War of the Rebellion: Serial 070 Page 0364 OPERATIONS IN N. VA., W. VA., MD., AND PA. Chapter XLIX.

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companies of the Nineteenth Virginia Cavalry at Little Levels, two companies at Huntersville and Jacktown. Was between Sulphur Springs and the Warm Springs. There were 300 of the Twentieth Virginia Cavalry at Crab Bottom. Very little forage in the country. Several horses gave out. Did not think it prudent to go further. Colonel Harris says I took the right course under circumstances.


Captain, Commanding Detachment.

I have no positive information yet whether a large force of the enemy is in the Shenandoah Valley. From all reports received I believe that there is not. McNeill and Imboden, with 1,000 men, and Rosser, with 2,000 men, are near Front Royal and woodstock; their pickets at Cedar Creek and their scouts at Winchester. General Elzey has probably moved from Staunton to Woodstock with about 3,000 to 4,000 infantry and artillery. We will occupy Winchester to-day with all our forces, consisting of about 4,000 infantry, 1,000 cavalry, and three batteries, and push our advance toward Cedar Creek.


Major-General, Commanding.


Cacapon Bridge, W. VA., May 1, 1864.

[Major-General STAHEL:]

GENERAL: The scouting party sent out yesterday failed to discover your headquarters, and I move to-day in two columns to Jamesburg, one under command of Major Douglass via Winchester, and the main body by Pughtown. My rations are expended and my forage well nigh run out. I send copies of orders received by telegram at Springfield. It is not explicit as to the course I am to pursue upon my arrival here, and I am necessitated to move without your order toward a base of supply. I shall thoroughly scout the country to my right and left, and use every effort to effect something with my command ere I reach Jamesburg. The whereabouts of the force mentioned in your dispatch is not known, but we were too late in our arrival here to capture or disperse them. I am in hopes that the column moving by Winchester (with whom I shall keep up communication) will ferret them out.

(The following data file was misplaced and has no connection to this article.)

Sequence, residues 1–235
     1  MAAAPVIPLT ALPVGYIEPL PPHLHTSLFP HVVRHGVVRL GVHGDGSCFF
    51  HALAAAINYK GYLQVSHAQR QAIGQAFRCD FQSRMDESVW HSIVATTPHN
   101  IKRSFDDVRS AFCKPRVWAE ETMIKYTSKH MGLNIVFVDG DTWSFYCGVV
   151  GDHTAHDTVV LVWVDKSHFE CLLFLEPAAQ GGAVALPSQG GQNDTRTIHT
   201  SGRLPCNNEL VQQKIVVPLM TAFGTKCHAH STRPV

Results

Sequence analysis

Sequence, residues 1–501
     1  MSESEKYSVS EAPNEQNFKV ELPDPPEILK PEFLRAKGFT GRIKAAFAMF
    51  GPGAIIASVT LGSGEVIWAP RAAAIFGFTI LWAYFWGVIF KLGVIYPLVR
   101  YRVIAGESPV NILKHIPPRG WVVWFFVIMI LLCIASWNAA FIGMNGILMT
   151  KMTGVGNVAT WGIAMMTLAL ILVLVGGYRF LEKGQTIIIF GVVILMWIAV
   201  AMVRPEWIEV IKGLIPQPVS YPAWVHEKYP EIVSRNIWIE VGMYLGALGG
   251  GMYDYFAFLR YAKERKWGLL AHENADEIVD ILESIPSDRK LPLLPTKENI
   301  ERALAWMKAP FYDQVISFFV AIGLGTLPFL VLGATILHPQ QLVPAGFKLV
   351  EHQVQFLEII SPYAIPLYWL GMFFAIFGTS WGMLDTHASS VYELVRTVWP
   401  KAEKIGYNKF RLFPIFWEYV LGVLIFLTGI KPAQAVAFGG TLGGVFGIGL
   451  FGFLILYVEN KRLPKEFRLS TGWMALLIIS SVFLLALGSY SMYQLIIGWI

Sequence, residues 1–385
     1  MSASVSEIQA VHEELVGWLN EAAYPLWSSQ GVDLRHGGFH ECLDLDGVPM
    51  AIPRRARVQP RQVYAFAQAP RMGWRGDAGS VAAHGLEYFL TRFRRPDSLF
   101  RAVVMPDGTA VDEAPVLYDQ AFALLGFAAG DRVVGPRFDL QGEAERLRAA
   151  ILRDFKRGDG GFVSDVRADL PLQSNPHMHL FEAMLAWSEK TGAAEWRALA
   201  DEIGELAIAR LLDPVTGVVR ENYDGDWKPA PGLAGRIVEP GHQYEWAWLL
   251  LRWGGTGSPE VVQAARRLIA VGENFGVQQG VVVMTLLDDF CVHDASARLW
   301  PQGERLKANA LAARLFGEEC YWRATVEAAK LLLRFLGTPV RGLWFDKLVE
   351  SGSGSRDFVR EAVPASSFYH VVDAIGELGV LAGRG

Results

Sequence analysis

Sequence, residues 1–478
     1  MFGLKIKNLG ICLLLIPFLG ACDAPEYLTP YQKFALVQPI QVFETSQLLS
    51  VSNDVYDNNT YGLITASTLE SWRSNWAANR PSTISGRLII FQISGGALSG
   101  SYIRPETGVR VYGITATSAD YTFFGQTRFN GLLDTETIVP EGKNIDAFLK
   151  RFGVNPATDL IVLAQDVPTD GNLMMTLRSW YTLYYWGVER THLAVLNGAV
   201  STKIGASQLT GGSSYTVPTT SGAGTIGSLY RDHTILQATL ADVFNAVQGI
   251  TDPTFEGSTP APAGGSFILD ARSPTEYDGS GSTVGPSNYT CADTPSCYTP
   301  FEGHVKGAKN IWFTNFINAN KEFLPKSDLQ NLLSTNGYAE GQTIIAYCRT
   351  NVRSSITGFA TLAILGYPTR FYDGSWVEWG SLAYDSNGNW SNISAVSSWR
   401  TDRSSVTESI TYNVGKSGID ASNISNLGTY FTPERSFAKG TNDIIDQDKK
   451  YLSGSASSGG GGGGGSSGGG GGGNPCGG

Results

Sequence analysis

I am, very respectfully, your obedient servant,


Colonel, Commanding Brigade.



Brownstown, May 1, 1864.

The brigadier-general commanding desires to say a few words to the officers and men of his command before setting out upon the journey it is about to make. The following important rules ar mentioned for your guidance: First, on the march guard carefully against sudden and violent changes of gait, which soon tire and break down your horses. Second, in camp or bivouac, first look after the wants of your horses, and be silent that all may rest. Third, in action, listen to the commands of your officers, and be always ready, with your arms in good order.